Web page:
Certainly in our research, particularly with parents who are hesitant about vaccines for their kids. Other vaccines, non COVID vaccines, we've found that leaning into that risk communication is a good thing. Often that's counter-intuitive. When someone's worried about risk you want to reflectively reassure them and say no need to worry, this is a low risk I really want your child to have this vaccine. But in fact, when people are quite hesitant, it can help them to have a discussion about what is known. Acknowledge where there is limitations and uncertainty in the science and then move on to a recommendation. That's about helping people cope with living with uncertainty and also living with trade-offs because the risks with the Pfizer vaccine, which is licensed for children in Australia, is very small. So we're looking at the usual sort of common side effects and systemic side effects then we're looking at the risk of myocarditis and pericarditis which, for the most part, are mild or going to be mild conditions for children if caused by the vaccine and quite rare as well. As I said, I certainly think that people understanding what the risk is, what the boundaries are, what the rate is and what to look out for is empowering information for those who think about risk. But also it's important to pivot to that notion of vaccine benefit and what you stand to gain through getting your child vaccinated. Caroline as a GP you're living this you're walking this talk. So I'm curious to know what your experiences have been too.

Dr. Caroline West:

It's really important to be very inclusive in how you discuss risk and safety. Certainly as you say, pivot it back to being a story about the benefits. The old school way of just telling people to get vaccinated is certainly past its use by date. I think that what I've observed is that parents in particular have got a range of information from lots of different sources. So they're trying to do their due diligence in a way and doing a bit of research by themselves. But they often arrive to see me with a bundle of very confused messages that they've received along the way. When I've been working in lots of different parts of Australia, a lot of their sort of local news and information will come via platforms like Facebook. It's often that they're having to sift through a lot of, sometimes, credible information backed up against stories that are very scary and misinformation. Off the back of that there's been some hesitancy that's been generated and so it's been a really tricky time. I think a lot of GPs are actually quite fatigued with COVID messaging and you just think you're on top of it and the information changes.

Julie Leask :

That's been a huge challenge, hasn't it? I'm curious to know, as well, what you do when somebody does turn up with, clearly when they turn up to a clinic appointment they're wrestling with the idea of vaccination. Certainly we know that, with our research, that can be challenging for GPs who are always time poor that these conversations can take a long time. That sense of this is going to blow my appointment times out and I've got a clinic full of people waiting. It must be quite difficult to manage that time limitation and also be effective with that conversation.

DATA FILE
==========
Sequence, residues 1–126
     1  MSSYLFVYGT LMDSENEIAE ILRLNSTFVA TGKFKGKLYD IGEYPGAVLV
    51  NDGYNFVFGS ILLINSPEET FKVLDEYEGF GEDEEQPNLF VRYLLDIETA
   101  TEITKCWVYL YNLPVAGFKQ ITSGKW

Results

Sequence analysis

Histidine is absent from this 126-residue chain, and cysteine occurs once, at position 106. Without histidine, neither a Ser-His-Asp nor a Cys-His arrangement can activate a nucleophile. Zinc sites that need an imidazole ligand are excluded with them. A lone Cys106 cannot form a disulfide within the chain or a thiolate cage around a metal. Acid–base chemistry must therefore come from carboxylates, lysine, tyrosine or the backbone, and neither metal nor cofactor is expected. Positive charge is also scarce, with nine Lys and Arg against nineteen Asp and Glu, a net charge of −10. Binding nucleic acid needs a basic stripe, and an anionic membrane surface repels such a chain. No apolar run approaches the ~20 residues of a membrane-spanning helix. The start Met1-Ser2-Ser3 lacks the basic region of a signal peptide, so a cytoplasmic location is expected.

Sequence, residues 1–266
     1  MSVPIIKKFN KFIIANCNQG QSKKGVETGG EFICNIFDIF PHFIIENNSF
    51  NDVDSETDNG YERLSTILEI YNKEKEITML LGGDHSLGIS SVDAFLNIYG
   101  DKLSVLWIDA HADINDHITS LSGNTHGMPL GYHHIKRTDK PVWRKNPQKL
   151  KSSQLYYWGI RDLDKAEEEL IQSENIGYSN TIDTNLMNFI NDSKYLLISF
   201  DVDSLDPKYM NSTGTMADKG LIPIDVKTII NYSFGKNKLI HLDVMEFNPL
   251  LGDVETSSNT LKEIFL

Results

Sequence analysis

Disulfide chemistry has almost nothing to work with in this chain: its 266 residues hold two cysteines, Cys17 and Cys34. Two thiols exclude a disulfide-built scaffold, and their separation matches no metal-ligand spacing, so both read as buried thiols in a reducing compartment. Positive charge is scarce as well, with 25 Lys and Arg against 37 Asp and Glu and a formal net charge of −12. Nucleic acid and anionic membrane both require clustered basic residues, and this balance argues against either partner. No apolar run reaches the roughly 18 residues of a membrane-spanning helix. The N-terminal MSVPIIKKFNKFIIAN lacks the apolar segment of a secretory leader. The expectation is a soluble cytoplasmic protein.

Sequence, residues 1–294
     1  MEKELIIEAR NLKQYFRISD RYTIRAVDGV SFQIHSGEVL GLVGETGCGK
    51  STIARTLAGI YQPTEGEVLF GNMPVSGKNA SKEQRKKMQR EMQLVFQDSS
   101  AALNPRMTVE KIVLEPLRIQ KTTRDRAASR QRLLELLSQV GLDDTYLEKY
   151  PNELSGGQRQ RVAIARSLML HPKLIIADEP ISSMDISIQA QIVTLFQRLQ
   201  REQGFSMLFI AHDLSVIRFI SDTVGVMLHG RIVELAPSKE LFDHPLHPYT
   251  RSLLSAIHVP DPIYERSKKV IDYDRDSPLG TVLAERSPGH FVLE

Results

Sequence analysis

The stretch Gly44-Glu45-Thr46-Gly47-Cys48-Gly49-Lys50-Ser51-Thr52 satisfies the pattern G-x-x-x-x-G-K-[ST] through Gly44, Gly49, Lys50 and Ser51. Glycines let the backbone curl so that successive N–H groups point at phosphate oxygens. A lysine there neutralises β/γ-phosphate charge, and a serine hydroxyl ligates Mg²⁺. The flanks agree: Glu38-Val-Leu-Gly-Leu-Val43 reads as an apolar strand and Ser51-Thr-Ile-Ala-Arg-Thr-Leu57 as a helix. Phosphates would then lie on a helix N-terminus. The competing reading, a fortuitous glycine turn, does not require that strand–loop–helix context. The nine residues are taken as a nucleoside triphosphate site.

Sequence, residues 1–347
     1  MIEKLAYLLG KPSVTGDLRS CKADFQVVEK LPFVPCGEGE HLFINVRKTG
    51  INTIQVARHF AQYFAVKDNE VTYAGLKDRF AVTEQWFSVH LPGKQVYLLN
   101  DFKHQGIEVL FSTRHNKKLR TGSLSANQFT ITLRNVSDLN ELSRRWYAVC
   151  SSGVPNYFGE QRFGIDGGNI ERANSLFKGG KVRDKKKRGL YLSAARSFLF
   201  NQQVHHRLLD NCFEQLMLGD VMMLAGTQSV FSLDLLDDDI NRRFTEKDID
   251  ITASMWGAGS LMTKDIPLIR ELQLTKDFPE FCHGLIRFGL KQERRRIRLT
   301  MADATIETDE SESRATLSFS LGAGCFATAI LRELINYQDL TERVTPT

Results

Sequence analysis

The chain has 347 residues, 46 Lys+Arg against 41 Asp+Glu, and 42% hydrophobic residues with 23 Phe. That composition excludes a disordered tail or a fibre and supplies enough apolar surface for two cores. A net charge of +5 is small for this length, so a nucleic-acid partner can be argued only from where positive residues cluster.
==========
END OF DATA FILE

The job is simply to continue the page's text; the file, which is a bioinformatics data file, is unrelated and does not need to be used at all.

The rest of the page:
Dr. Caroline West:

What I've observed you need a lot of patience because you imagine often that it's just going to be one conversation that you're going to need with one person, but some people that are really wrestling with it might have multiple appointments around this. I had one person that came back three times for a sort of 25-30 minutes each consultation. That was what it took to, sort of, get them to that point where they were happy to go ahead with vaccination. So I think that there's a big time factor in here. I think that GPs, like myself, would be interested to hear from you about what are some of the tips that you'd have for effectively communicating and sort of using our time wisely and being able to, sort of, have those difficult conversations without us burning out from just the sheer volume of repetition.

Julie Leask:

So these are burning questions. I've been doing this kind of research for 24 years and a lot of the tips and processes that we've put together come from that clinical experience. So we were talking to GPs and nurses in particular, about how they manage conversations. In a sense we've tried to bottle the useful stuff and what we've learnt, and also listening to conversations between hesitant parents and clinicians in our research, is that agenda setting is quite important. Which is where you lay out the expectations about what's going to be covered in that conversation. If someone signals somehow that they're very hesitant and unsure about having a vaccine, any vaccine, then asking them a few questions and eliciting their questions and concerns to saturation is more likely to be effective, because you're more likely to cover all the things that they might have on their agenda. Once you do that, and it can be re relatively brief, it can be tell me what your questions are. Do you have some other questions? Do you have any more? You've said so far, 'you've got this one and that one,' do you have any more? That's the eliciting to saturation and then just briefly signaling what the agenda is. It sounds like your biggest concern is about the mRNA, the spike protein. Let's focus on that and, if we have time, we'll get to your other two concerns. How does that sound? You're asking that permission and collaboratively setting that agenda, and that enables you to pace out the conversation and know how much time to proportion to each part of it. If you get lost down a rabbit hole on one topic because you have reflexively addressed a question or a bit of wrong thinking to start with, then you can end up losing the things that actually might be more important to that parent or patient.